This is because one of the key objectives of the AfCFTA is to “enhance competitiveness at the industry and enterprise level through exploiting opportunities for scale production, continental market access and better reallocation of resources. Several African countries have made substantial progress in implementing industrial policies, even though more can be done: South Africa’s Industrial Policy Action Plan, which coordinates ministries and policy areas and prioritises industrialisation over trade and other economic goals, has supported the country’s manufacturing sector growth by attracting investment and boosting industrialisation. In Morocco, the government has incentivized a shift within the manufacturing sector toward automotive assembly—a lucrative market—by offering fiscal and tax incentives in some free zones.
Similarly, Zambia offers benefits within its six pilot multi-facility economic zones around the capital, Lusaka, where VAT payments on inputs are eliminated and corporate tax payments are reduced or deferred. This pilot project has already attracted $120 million in investment from different companies. Even if the ultimate responsibility for industrial development lies with national governments that should reduce the cost of doing business, improve industrial infrastructure, and invest in human capital, among other factors, the AfCFTA offers a unique opportunity to increase competitiveness and scale production for a single continental market. But Nigeria’s policy summersaults have continued to frustrate target and industrialisation goals attainment.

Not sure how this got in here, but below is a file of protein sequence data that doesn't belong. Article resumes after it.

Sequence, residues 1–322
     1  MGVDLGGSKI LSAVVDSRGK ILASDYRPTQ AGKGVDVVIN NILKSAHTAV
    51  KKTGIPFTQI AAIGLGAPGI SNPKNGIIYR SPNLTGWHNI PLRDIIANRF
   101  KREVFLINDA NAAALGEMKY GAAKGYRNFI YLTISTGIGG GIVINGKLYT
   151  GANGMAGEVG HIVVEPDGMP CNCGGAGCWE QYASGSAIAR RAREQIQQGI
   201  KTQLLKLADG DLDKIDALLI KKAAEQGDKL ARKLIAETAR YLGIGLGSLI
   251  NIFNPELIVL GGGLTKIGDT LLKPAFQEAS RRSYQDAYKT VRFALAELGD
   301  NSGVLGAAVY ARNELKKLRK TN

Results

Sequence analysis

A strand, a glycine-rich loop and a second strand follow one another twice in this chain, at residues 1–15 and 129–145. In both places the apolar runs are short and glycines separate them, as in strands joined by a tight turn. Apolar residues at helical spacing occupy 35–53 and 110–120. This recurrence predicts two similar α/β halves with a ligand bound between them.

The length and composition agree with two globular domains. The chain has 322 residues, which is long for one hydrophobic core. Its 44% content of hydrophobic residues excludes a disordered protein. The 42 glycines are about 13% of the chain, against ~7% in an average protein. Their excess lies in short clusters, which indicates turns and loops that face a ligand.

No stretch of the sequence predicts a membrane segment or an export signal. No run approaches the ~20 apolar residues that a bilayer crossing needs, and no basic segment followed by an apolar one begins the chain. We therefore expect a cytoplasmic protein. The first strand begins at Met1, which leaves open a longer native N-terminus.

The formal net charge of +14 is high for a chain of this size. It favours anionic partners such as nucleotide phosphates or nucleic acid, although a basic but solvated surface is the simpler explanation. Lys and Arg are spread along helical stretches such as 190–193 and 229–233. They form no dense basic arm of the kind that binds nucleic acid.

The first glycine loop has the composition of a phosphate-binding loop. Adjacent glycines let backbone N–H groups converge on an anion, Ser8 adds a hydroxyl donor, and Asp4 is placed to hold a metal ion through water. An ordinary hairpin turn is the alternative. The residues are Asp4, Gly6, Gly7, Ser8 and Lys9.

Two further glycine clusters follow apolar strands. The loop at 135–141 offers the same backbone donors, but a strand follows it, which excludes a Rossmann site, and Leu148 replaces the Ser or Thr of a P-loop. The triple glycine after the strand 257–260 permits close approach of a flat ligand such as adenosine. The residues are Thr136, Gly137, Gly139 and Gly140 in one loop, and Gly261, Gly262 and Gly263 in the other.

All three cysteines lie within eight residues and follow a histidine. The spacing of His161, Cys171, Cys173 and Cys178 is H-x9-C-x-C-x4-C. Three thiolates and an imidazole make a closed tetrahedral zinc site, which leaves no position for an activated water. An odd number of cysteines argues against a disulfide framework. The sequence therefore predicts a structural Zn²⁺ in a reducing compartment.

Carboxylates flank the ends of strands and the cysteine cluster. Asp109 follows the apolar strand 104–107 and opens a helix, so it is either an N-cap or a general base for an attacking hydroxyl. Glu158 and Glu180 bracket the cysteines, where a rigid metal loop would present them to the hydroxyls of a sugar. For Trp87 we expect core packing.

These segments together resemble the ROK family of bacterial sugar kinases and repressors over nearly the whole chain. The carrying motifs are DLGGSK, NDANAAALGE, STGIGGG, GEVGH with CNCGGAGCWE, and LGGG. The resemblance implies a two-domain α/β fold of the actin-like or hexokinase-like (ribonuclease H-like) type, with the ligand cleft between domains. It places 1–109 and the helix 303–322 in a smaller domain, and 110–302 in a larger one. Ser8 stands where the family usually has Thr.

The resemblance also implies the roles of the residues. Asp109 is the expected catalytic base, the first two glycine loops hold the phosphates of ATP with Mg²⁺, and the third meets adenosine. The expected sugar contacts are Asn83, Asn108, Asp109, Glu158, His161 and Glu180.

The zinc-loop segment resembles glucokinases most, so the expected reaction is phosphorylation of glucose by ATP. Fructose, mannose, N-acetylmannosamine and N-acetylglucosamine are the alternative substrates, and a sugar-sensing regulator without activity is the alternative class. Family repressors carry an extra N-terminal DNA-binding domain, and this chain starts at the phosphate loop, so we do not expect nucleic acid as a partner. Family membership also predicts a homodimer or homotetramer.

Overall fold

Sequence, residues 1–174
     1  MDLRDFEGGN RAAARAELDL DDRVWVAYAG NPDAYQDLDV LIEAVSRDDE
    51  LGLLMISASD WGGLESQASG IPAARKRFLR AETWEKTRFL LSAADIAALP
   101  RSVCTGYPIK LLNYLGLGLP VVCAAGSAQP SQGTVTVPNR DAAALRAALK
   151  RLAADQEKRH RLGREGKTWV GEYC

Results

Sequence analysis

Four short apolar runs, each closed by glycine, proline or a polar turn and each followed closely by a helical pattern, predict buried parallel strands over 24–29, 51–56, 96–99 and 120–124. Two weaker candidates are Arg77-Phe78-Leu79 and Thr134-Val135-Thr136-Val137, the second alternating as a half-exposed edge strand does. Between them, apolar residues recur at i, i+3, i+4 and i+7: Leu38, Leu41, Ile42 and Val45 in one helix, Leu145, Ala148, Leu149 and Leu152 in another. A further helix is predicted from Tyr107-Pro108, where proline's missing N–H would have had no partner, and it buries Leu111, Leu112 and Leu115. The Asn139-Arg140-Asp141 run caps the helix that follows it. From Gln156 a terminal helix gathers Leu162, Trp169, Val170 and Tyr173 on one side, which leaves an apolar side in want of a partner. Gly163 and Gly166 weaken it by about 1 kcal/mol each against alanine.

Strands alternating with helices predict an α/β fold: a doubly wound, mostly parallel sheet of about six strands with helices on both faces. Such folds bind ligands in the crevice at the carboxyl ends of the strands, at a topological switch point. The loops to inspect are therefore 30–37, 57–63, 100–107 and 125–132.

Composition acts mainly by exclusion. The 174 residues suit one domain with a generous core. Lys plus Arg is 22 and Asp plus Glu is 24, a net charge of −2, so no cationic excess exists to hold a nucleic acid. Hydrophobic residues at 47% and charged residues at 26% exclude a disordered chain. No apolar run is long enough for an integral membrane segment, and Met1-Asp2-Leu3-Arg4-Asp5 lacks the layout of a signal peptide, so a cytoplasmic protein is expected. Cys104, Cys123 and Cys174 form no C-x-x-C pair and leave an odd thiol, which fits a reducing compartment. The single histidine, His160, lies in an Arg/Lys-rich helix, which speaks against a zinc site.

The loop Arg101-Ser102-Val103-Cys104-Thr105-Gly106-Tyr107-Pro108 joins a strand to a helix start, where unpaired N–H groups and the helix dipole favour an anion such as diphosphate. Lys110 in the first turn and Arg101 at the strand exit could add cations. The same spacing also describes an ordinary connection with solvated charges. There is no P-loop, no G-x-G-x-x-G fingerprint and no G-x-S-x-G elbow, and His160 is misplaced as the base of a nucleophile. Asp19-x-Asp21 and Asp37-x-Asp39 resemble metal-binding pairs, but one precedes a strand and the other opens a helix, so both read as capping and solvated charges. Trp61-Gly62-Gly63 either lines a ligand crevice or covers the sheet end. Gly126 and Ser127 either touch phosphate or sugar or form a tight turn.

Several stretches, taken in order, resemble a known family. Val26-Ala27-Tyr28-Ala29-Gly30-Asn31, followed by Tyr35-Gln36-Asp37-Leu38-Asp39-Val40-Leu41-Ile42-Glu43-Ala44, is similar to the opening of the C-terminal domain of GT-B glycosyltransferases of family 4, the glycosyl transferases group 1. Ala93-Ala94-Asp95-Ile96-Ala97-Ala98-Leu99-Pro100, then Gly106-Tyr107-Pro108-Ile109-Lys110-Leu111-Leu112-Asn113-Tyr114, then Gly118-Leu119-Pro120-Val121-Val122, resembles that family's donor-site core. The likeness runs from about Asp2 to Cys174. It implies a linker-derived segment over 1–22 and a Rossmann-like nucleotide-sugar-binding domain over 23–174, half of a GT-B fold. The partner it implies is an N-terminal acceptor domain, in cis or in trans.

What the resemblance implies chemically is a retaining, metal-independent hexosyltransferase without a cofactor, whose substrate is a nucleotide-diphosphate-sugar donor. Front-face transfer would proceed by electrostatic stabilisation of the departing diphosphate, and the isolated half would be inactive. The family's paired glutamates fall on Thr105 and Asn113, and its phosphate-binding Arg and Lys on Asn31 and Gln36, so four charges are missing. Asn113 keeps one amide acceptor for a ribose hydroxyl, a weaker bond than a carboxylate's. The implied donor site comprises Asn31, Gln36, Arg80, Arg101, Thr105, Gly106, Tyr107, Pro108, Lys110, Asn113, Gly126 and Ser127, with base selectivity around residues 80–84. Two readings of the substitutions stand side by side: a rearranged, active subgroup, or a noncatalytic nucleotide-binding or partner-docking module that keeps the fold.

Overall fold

According to the National President of Nigerian Chambers of Commerce, Industry, Mines and Agriculture ( NACCIMA), Hajiya Saratu Iya Aliyu,for over three decades now, economic indicators of level of industrialisation in Nigeria have remained unimpressive. Nigeria’s industrial sector has been characterised by high import content of industrial inputs, dwindling capacity utilisation, high cost of production, low value added, declining output growth, low employment generation and inadequate linkages with other sectors of the economy .